164) How was 'apartheid' practised in South Africa?
Answer: (i) The system of apartheid divided the people and labelled them on the basis of their skin colour.
(ii) The natives of South Africa were the 'Blacks', the people of mixed races were 'Coloured' and the people who migrated from India, 'The Indians'.
(iii) All Non-Whites were treated as inferiors and were deprived of their right to vote.
(iv) They were forbidden from living in white areas.
(v) They could work in white areas only if they had a permit.
(vi) Trains, buses, taxis, hotels, hospitals, schools, colleges, libraries, cinema halls, beaches, swimming pools, public toilets were all separate for whites and blacks.
(vii) The Blacks could not visit the churches where the whites worshipped.
165) What efforts were made to form a new constitution after independence in South Africa?
Answer: (i) After the emergence of the new democratic South Africa, black leaders appealed to fellow blacks to forgive the whites for the atrocities they had committed while in power.
(ii) They thought of building a new South Africa based on equality of all races and men and women on democratic values, social justice and human rights.
(iii) The party that ruled through oppression and brutal killings and the party that led the freedom struggle sat together to draw up a common constitution.
(iv) After two years of discussion and debate, they came out with one of the finest constitutions the world had ever had.
(v) This Constitution gave to its citizens the most extensive rights available in any country.
166) What are the main functions of a Constitution?
Answer: (i) It generates a degree of trust and coordination that is necessary for different kinds of people to live together.
(ii) It specifies how the government will be constituted, who will have power to take which decisions.
(iii) It lays down limits on the powers of the government and tells us what the rights of the citizens are.
(iv) It expresses the aspirations of the people about creating a good society.
(v) Constitution is the supreme law that determines the relationship among people living in a territory and also the relationship between the people and the government.
167) Give a brief description about any five members of the Constituent Assembly.
Answer: The five members of the Constituent Assembly were: 1. Dr. Rajendra Prasad (i) 1884-1693 (ii) Born in Bihar (iii) Chairman of the Constituent Assembly (iv) A lawyer who was known for his role in the Champaran Satyagraha (v) Three times President of Congress (vi) The first President of India
2. H.C. Mookherjee (i) 1887-1956 (ii) Born in Bengal (iii) Vice Chairman of the Constituent Assembly (iv) Reputed author and educationist (v) Member of the All India Christian Council and Bengal Legislative Assembly (vi) Governor of West Bengal
3. BaldevSingh (i) 1901-1961 (ii) Born in Haryana (iii) Nominee of the Congress in the Constituent Assembly (iv) Successful entrepreneur (v) Leader of the Panthic Akali Party in the Punjab Assembly (vi) Defence Minister in the Union Cabinet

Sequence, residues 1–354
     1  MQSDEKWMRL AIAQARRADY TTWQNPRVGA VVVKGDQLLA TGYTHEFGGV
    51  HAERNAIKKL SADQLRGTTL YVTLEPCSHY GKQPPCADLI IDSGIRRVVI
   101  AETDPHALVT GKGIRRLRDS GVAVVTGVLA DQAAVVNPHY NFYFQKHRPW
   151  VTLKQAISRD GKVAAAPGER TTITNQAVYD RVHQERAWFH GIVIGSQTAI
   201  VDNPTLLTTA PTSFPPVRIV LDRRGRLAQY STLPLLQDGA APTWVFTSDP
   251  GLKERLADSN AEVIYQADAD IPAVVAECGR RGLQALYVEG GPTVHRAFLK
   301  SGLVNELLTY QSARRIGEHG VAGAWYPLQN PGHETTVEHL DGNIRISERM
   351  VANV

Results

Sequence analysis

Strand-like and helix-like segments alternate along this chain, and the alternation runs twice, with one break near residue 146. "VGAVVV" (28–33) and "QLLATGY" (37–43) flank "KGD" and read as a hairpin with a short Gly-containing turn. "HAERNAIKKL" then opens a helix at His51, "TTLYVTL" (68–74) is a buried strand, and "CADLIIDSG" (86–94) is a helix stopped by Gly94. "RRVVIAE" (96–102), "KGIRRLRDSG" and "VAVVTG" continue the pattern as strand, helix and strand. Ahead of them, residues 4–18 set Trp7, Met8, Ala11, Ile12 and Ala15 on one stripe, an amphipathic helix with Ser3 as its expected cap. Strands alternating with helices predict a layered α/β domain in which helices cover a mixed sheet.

4. Sarojini Naidu (i) 1879-1949 (ii) Born in Andhra Pradesh (iii) Member of Constituent Assembly (iv) Poet, writer and political activist (v) Among the foremost women leaders in the Congress (vi) Governor of Uttar Pradesh
5. Jawaharlal Nehru (i) 1889-1964 (ii) Born in Uttar Pradesh (iii) Prime Minister of the interim government (iv) Lawyer and Congress leader (v) Advocate of socialism, democracy and anti-imperialism (vi) First Prime Minister of Independent India
168) How was the institutional design formed for the Indian Constitution?
Answer: (i) A constitution is mainly about embodying the values into institutional arrangements. (ii) It is a very long and detailed document. Therefore, it needs to be amended quite regularly to keep it updated. (iii) So the makers of the Indian constitution made provisions to incorporate changes from time to time. These changes are called constitutional amendment. (iv) The Constitution describes the institutional arrangements in a legal language. (v) Like any constitution, the Indian Constitution lays down a procedure for choosing persons to govern the country. It defines who will have how much power to take which decisions. (vi) And it also puts limits to what the government can do by providing some rights to the citizen that cannot be violated.
169) Write a short note on the main features of the Preamble of the Indian Constitution.
Answer: (i) We the people of India: The Constitution has been drawn up and enacted by the people through their representatives, and not handed down to them by a King or any outside powers.
(ii) Sovereign: People have supreme right to make decisions on internal as well as external matters. No external power can dictate the government of India.
(iii) Socialist: Wealth is generated socially and should be shared equally by the society. Government should regulate the ownership of land and industry to reduce socio economic inequalities.
(iv) Secular: Citizens have complete freedom to follow any religion. But there is no official religion. Government treats all religious beliefs and practices with equal respect.
(v) Democratic: A form of government where people enjoy equal political rights, elect their rulers and hold them accountable.
(vi) Republic: The head of the state is an elected person and its not a hereditary position. (vii) Justice: Citizens cannot be discriminated on the grounds of caste, religion and gender. Social inequalities have to be reduced. Government should work for the welfare of all, especially for the disadvantaged groups.
(viii) Liberty: There are no unreasonable restrictions on the citizens about what they think, how they wish to express their thoughts and the way they wish to follow up their thoughts in actions.
(ix) Equality: All are equal before the law. The traditional social inequalities have to be ended. The government should ensure equal opportunity for all.
(x) Fraternity: All of us should behave as if we are members of the same family. No one should treat a fellow citizen as inferior.
170) How did South Africa get Independence?
Answer: As protests and struggles against apartheid had increased, the government realised that they could no longer keep the blacks under their rule through repression. The White regime changed its policies. Discriminatory laws were repealed. Ban on political parties and restrictions on the media were lifted. After 28 years of imprisonment, Nelson Mandela walked out of jail as a free man. Finally at the midnight of 26th April 1994 the new national flag of Republic of South Africa was unfurled marking the newly born democracy in the world. The apartheid government came to an end, paving the way for the formation of a multi-racial government.
171) How was a new constitution of South Africa formed?